Anatolian languages

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Spread of the Anatolian languages ​​during the Bronze Age and Antiquity

The Anatolian languages form an extinct branch of the Indo-European language family and were found in Anatolia in the second and first millennium BC. . Chr spoken. Its most important representative is the Hittite . The oldest Indo-European written documents found so far ( 17th century BC ) are written in Hittite.

Origin and family relationships

The Anatolian languages ​​form an independent branch of Indo-European . According to the theory, which is currently mostly represented in Indo-European Studies, the carriers of the Anatolian languages ​​from the lower Volga region (southern Russia ) would probably have immigrated to Asia Minor via the Balkan Peninsula (alternatively via the Caucasus ) . Supporters of the competing Anatolia hypothesis (e.g. Colin Renfrew ) see Asia Minor itself as the original homeland of the Indo-Europeans .

The Anatolian languages ​​are the oldest written Indo-European languages. At the moment, comparative considerations of Mycenaean Greek , the oldest Hittite written documents and the oldest Indian and Iranian written monuments assume a common original language roughly around 3000 BC. Chr . In 2005, Gert Klingenschmitt suggested the following. The Mycenaean dialect attested by written monuments around 1200 BC Chr. Already shows a historical orthography . The writing tradition of Greek is therefore likely to be older and around 1400 BC. . AD started. At that time the Greek was also already slightly differentiated dialectically, so that the first half of the second millennium BC is used for the ancient Greek . Chr. May assume. Urindo- Iranian, the assumed basic language of Indian and Iranian, should be enough in about the same time .

The earliest evidence of Hittite words (namely išpatallu , 'night quarters' and išḫuil , 'wage contract') in the ancient Assyrian texts of Anatolia (19th or 18th century BC, see Kültepe § Population ) suggests that the latest possible time for the Uranatolian at the end of the third millennium BC Chr. Lies. The hypothetical Indo-European or Indohethite original language would have to go back to around 3000 BC. BC or a little younger. (Much younger but not because the splitting of the Indo-European languages probably not occurring after the invention of the common basic vocabulary long wheel probably around 3500 v. Chr took place..) The often-made assumption of 4000 v. Klingenschmitt considers this unlikely. (Of course, this conclusion is all the more valid for the Anatolia hypothesis, which even assumes a date of around 7000 BC.)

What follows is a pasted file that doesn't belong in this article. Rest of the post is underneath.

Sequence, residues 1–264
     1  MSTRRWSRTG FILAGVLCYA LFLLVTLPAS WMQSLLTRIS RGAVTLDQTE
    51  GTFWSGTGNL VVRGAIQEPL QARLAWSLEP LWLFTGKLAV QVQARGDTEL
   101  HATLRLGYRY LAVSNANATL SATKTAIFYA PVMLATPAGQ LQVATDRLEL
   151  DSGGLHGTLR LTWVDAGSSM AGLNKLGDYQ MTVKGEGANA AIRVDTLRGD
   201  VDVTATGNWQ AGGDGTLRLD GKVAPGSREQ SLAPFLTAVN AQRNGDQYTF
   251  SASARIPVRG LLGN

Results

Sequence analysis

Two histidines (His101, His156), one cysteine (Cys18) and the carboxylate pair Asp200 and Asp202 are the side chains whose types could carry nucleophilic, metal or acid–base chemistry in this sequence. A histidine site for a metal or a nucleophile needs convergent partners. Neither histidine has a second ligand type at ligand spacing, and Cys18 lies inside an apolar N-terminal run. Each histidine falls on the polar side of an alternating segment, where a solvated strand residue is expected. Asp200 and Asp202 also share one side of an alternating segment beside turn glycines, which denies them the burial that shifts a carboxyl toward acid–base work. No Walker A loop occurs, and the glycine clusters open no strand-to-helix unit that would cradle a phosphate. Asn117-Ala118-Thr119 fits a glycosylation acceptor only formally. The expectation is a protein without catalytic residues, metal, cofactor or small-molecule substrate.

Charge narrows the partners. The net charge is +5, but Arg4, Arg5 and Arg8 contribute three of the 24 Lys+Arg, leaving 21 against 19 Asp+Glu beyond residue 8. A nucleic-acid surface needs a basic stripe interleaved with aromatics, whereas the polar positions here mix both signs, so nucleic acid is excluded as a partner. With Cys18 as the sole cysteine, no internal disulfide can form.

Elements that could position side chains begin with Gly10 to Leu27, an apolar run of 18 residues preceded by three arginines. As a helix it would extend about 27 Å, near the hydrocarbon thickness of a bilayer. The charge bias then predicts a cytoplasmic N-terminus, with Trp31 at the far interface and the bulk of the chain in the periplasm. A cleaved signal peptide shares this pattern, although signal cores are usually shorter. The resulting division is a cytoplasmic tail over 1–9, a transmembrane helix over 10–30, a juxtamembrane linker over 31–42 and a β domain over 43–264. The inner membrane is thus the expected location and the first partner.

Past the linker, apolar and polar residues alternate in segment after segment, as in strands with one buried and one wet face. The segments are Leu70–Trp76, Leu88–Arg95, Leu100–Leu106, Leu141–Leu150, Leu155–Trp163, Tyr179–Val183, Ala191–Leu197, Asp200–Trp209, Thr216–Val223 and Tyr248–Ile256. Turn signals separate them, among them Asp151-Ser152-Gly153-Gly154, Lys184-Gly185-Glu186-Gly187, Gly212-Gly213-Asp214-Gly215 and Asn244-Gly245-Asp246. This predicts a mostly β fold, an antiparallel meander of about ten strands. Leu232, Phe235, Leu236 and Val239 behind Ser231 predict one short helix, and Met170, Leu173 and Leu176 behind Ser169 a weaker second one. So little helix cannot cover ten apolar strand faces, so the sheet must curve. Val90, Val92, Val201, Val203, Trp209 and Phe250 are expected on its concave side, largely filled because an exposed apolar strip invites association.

Changes from Urindo-European to Anatolian

Phonology : the aspirated media have completely collapsed with the simple media; Tenues and * h₂ (probably [χ] as in Bach ) between unaccented Moren be voiced and merge with the result of this combination Falls. (Later the tenues become geminates , at least between vowels, and the media are voiceless.) The laryngals are often, in Uranatolian perhaps almost completely, preserved as their own phonemes , at least the second, and apparently also the third. The sound sequence * h₂w becomes an independent Uranatolian phoneme * χʷ . Unaccented long vowels inherited from Urindo-European are shortened. The continuation of the uridg. Long vowel * ē [eː] contrasts with the result of * eh₁ , which becomes a more open * ǣ [ɛː] . Uridg becomes early on, but possibly not yet in Uranatolian. * ei̯ monophthongized and falls with uridg. * ē together, while uridg. * eṷ coincides with * ū from other sources. Further developments are individual languages.

Nominal morphology : all cases of the Indo-European original language have been preserved; However, dative and locative have the same endings in Old Ethite. The ancient Ethite ablative and instrumental no longer differentiate between numbers. A feminine does not exist in Anatolian, at most traces (ie there is only one genus commune and one neuter); But there was probably no fully grammatical feminine in Urindo-European either. For this purpose, Anatolian developed split ergativity , marked by an "individualizing" suffix * -ent- , which allowed neuter to be used as the subject of transitive verbs.

Verbal morphology : The Anatolian verb system shows significant differences to the verbal morphology of the other Indo-European language branches. The Anatolian verb has two tenses (present and simple past), two modes (indicative and imperative) and two genera verbi (active and mediopassive). Subjunctive and optative have been lost. The ḫi conjugation probably stems from an archaic, unreduplicated root perfect (more precisely: root stand), otherwise only preserved in * ṷói̯d-h₂e "I know" and perhaps the Germanic preteritos .

Outline of the Anatolian branch

The Anatolian branch of the Indo-European languages is mostly divided into the following languages:

Luwian , Lycian , Carian , Pisidian, and Sidetable are occasionally grouped together as Luwian languages because they appear to be more closely related. Mallory and Adams divide the Palai with the Hittite into a separate subfamily.

Individual evidence

  1. JP Mallory, d. Q. Adams: The Oxford Introduction to Proto-Indo-European and the Proto-Indo-European World. Oxford University Press 2006, p. 29.


  • Gert Klingenschmitt: Language affinities in Europe. In: Genes, Languages ​​and Their Evolution. Edited by Günter Hauska. Universitätsverlag, Regensburg 2005, p. 112. ISBN 3-930480-46-8
  • Craig Melchert: Anatolian Historical Phonology . Rodopi, Amsterdam 1994.
  • Sylvain Patri: L'alignement syntaxique dans les langues indo-européennes d'Anatolie ( studies on the Boǧazköy texts 49). Harrassowitz, Wiesbaden 2007. ISBN 978-3-447-05612-0
  • Maciej Popko : Peoples and Languages ​​of Old Anatolia. Harrassowitz, Wiesbaden 2008. ISBN 978-3-447-05708-0

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